“I’ve always been rather offended that people who aren’t doctors think I’m susceptible to bribes and corruption,” Englehardt said. “A lot of what you learn about products is from people that sell the products. … You have to learn it somewhere.”

Englehardt was typical of conference attendees interviewed about the relationship between the society and industry. On the whole, doctors said they weren’t worried that the money might bias their decisions or the society’s.

The extent of industry funding has grown within the Heart Rhythm Society—from 37.5 percent of revenues in fiscal year 2006 to nearly half last year, according to the group’s financials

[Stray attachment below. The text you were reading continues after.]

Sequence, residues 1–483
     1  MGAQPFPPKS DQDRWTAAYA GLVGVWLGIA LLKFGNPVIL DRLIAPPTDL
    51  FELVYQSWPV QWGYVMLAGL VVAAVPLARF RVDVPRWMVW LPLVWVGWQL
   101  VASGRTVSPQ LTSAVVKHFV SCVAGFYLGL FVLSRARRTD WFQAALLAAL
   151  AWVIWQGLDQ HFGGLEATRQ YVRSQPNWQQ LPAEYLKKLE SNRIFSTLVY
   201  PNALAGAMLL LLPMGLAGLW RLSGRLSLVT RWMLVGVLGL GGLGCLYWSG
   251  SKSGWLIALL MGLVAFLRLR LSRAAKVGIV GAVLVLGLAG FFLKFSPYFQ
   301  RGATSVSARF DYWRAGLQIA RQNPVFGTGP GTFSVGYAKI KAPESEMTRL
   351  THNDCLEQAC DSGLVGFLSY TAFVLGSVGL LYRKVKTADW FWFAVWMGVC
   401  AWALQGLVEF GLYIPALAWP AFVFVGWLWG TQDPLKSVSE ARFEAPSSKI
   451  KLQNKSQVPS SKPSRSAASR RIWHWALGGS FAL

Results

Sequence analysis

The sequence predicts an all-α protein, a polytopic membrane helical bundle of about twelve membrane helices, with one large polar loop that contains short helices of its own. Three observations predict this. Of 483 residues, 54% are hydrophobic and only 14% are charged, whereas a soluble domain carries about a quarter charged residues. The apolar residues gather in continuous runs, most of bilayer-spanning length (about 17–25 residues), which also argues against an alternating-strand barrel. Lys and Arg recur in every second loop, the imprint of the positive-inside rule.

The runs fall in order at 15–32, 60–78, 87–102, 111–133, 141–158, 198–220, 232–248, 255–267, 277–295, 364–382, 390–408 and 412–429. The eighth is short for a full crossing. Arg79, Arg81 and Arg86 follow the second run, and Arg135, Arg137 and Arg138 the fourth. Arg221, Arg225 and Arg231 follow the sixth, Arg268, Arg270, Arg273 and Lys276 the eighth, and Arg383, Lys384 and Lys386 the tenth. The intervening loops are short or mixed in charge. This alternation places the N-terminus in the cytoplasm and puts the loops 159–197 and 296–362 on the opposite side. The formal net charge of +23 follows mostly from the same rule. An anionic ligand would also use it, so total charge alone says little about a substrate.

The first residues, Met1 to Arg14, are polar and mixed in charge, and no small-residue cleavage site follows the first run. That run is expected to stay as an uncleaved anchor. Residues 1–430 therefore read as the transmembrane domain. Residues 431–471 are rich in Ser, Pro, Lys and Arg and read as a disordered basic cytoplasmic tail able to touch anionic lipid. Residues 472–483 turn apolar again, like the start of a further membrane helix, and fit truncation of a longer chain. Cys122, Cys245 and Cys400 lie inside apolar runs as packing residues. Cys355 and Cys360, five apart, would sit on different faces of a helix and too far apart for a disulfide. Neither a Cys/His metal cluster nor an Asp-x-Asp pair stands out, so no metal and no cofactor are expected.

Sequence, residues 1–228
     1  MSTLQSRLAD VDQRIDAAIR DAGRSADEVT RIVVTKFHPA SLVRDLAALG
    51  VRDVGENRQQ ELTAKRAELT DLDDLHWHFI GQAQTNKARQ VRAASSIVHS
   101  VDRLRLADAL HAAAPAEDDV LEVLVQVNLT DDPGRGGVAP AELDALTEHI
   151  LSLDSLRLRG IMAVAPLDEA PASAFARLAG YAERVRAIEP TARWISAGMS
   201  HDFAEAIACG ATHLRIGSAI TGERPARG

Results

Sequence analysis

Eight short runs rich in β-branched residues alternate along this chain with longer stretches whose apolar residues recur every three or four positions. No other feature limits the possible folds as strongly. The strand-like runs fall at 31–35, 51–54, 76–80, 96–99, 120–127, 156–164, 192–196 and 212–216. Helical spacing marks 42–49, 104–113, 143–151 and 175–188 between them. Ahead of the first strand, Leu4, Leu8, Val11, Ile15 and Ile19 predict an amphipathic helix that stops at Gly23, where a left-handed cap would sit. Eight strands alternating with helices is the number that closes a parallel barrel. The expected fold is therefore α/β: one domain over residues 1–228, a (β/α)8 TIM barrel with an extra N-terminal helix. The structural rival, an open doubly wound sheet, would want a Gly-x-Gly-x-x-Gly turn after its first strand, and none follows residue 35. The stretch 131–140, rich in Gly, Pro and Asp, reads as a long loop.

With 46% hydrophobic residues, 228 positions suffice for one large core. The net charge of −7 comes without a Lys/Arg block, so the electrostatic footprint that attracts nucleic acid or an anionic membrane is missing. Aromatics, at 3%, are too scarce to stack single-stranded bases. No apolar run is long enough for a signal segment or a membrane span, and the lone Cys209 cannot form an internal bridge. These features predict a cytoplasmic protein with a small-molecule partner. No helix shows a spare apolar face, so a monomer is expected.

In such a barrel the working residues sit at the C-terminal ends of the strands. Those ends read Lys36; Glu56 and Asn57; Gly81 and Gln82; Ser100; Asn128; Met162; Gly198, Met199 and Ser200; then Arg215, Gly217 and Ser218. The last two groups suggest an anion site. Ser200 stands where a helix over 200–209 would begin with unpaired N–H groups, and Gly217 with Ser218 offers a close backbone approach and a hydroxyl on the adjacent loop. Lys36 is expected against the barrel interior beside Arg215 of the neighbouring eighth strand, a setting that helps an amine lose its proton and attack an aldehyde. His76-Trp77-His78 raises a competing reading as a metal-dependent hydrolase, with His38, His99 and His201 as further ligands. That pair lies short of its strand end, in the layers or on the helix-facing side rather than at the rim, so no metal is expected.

In a blog post Friday about ProPublica’s story, one researcher said doctors need to look at their societies more skeptically.

“The take home message here is how these organizations sell their own membership to industry as a way to add to their funding potential,” wrote Dr. Howard Brody, director of the Institute for the Medical Humanities at the University of Texas Medical Branch at Galveston.

Before attending annual conferences, Brody said, doctors should check their professional society’s web site to see what kind of pitch is made to exhibitors, who pay large sums for booth space and advertising.

“See how you yourself is [sic] being marketed to the drug and device companies as advertising fodder, whose behavior your society more or less promises to deliver over to the industry if only they invest enough funds in supporting the meeting,” Brody wrote.